David Marr and The Prince

David Marr, The Prince: Faith, Abuse and George Pell (Quarterly Essay N° 51)

QE51This is David Marr’s third extended portrait in the Quarterly Essay series. After tackling Kevin Rudd and Tony Abbott he’s moved on to Sydney’s Cardinal George Pell, with a focus on his response to accusations and proven cases of child sexual abuse by Catholic clergy and religious brothers. Though it’s written with Marr’s characteristic pungency, wit and compassion, it’s not an easy read: so much human suffering, so much denial and disconnection.

The essay tracks Pell’s career – priest, bishop, archbishop, cardinal – in parallel with the unfolding revelations of abuse and the institutional church’s responses. Its narrative backbone comes from Pell’s four-hour interview in May this year with the Victorian parliamentary Inquiry into the Handling of Child Abuse by Religious and Other Organisations. Its heart is a double quest: on the one hand to hold to account the most institutionally powerful Catholic in Australia, and on the other to try to understand what is going on behind his unrevealing public persona (unsurprisingly, given Marr’s previous writing about him, Pell did not agree to be interviewed for the essay). No doubt the first quest, carefully documented and full of chilling detail, will stir defensive controversy: there may well be an equivalent of That Wall Punch, such a useful distraction from the gist of Marr’s essay on Tony Abbott. The second quest, as befits an essay, asks interesting questions and proposes answers that raise even more interesting questions – the final paragraphs, reflecting on the meaning of priestly celibacy, offer an equivalent to Marr’s conclusion in QE 38 that anger is the juice in Kevin Rudd’s machine …

Avoiding spoilers, I note that Marr isn’t a Catholic. Unlike, say, Bishop Geoffrey Robinson’s lucid writing, which explores problems with papal infallibility and the moral theology of sex as contributing of the problem of abuse, this essay isn’t particularly interested in the deep questions of how the church got into this state, or of what can be done at the level of culture (beyond relinquishing any sense of being above the law of the land, and acting with justice and compassion rather than defensiveness and financial shrewdness): prayer and forgiveness are correctly dismissed as worse than useless strategies for child protection; there’s little tolerance for celibacy or the seal of the confessional, and even ‘smells and bells’ (Marr’s phrase) come in for a bit of mockery.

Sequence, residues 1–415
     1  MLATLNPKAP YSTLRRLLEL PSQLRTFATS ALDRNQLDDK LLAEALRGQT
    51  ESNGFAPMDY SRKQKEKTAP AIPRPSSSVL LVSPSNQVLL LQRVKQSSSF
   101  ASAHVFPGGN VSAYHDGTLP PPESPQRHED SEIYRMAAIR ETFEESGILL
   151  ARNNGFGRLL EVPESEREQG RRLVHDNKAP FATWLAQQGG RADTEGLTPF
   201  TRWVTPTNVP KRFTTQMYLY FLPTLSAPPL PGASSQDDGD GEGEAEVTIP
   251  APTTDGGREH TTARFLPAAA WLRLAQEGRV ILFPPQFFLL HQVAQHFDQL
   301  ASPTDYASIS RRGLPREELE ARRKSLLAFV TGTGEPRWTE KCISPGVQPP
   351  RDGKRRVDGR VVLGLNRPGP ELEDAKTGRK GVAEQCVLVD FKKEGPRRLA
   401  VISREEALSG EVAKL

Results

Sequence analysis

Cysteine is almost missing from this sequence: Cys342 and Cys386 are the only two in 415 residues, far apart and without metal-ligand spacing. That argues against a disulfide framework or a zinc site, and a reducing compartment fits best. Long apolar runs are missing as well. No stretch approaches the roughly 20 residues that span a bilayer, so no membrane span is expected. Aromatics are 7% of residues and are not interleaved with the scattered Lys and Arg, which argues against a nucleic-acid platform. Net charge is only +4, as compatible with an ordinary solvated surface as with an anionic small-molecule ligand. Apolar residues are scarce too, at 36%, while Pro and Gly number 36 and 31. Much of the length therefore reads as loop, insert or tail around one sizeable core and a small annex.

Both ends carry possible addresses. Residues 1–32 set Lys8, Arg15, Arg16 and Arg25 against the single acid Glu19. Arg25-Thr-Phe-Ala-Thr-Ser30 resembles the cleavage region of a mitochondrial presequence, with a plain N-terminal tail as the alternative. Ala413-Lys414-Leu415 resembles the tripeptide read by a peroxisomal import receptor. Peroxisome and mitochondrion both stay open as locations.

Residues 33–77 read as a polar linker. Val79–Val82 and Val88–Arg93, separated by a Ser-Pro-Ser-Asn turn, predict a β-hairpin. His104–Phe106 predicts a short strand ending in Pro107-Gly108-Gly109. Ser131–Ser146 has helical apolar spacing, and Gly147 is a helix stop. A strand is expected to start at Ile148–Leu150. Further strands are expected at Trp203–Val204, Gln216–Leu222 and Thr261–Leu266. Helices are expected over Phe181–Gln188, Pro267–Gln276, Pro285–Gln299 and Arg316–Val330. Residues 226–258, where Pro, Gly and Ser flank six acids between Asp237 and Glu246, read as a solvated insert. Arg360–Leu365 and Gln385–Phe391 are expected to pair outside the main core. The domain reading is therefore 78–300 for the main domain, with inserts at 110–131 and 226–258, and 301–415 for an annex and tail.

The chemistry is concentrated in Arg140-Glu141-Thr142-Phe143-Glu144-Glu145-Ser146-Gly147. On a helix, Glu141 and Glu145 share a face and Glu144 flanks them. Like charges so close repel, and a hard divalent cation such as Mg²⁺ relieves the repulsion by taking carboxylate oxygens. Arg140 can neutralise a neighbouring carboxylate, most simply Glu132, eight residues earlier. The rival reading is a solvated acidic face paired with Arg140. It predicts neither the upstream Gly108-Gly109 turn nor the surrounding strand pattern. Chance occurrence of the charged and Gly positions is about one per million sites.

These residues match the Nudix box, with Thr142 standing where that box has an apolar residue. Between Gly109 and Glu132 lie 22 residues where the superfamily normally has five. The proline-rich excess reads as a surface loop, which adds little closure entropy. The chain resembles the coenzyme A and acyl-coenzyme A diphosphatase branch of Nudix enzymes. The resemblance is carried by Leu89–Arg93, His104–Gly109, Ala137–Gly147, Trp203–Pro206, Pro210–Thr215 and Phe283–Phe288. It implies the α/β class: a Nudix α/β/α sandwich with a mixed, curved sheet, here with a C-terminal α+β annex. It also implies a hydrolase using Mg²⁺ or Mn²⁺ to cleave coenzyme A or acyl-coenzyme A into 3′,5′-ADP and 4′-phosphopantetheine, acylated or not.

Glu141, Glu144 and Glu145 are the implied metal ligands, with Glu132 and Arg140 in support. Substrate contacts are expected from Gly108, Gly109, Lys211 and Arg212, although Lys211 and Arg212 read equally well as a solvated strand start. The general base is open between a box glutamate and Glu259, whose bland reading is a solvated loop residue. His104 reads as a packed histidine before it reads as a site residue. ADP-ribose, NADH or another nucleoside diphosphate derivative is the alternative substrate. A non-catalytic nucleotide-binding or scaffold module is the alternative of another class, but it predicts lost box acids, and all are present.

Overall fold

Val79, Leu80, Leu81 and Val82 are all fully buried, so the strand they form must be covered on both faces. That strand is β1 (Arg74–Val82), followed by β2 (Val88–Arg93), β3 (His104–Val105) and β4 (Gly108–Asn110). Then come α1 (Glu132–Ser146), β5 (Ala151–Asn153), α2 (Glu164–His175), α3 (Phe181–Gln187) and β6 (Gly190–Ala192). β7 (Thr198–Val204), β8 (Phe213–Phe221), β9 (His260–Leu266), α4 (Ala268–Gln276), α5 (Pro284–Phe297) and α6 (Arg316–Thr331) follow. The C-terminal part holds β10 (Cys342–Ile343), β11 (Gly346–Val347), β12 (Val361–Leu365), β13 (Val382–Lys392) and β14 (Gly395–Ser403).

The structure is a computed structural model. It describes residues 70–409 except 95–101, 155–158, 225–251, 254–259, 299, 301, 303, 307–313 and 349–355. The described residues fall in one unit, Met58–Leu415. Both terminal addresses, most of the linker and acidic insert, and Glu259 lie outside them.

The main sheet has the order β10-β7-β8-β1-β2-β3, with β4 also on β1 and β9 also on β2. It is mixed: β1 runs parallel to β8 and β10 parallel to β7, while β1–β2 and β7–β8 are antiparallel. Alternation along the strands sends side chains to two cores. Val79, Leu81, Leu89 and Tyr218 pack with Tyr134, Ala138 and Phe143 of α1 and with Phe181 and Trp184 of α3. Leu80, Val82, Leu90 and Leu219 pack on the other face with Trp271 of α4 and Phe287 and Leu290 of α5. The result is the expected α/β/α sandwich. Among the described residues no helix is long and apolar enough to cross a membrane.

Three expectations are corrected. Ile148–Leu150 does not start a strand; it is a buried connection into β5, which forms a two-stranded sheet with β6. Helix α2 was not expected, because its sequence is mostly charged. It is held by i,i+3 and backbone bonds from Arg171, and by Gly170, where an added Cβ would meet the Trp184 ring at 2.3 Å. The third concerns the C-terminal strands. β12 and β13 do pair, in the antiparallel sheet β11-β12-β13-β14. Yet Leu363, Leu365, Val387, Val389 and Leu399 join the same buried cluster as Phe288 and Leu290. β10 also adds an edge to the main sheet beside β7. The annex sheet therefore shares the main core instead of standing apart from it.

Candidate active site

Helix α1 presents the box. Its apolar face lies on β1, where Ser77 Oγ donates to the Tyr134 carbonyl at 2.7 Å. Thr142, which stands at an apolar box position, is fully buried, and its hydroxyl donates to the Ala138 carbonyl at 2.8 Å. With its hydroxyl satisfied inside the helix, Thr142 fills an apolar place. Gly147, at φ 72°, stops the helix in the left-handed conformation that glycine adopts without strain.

Marr tells the story of a man who, abused as a nine-year-old altar boy, met with Pell in 1997. As reported in the Age and quoted here, the man asked how Pell could persuade him to return to the Catholic faith, to which Pell replied, ‘Do you say the Hail Mary?’ While Marr leaves that hanging as one of many examples of Pell’s amazing interpersonal incompetence, a Catholic writer might have stayed with the moment, teased it out a bit. Why the Hail Mary? The words of the prayer don’t offer much help:

Hail Mary, full of grace,
the Lord is with thee.
Blessed art thou among women,
and blessed is the fruit of thy womb, Jesus.
Holy Mary, Mother of God,
pray for us sinners,
now and at the hour of our death. Amen.

Is Pell insensitive to other people’s suffering, or is he suggesting that this form of words might revive some deep, healing connection to childhood piety? Does his question expose the poverty of his personal spirituality, or suggest a profoundly simple approach to faith? If in a similar situation a Buddhist or Hindu sage offered the questioner a mantra, would it seem less bizarrely disconnected? I’m genuinely puzzled.

One reassuring aspect of the essay is that George Pell’s rigid, defensive, authority-centred version of Catholicism is not widely shared by other Australian bishops, let alone the clergy or laity in general. And now, even more grounds for hope, the pope himself seems to be from a very different Catholic tradition.
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And up the back, as always, there is discussion of the previous Quarterly Essay. Seasoned feminist activists Sara Dowse, Sylvia Lawson and Rachel Nolan add interesting and necessary perspectives to Unfinished Business, Anna Goldsworthy’s essay on sexism in public life.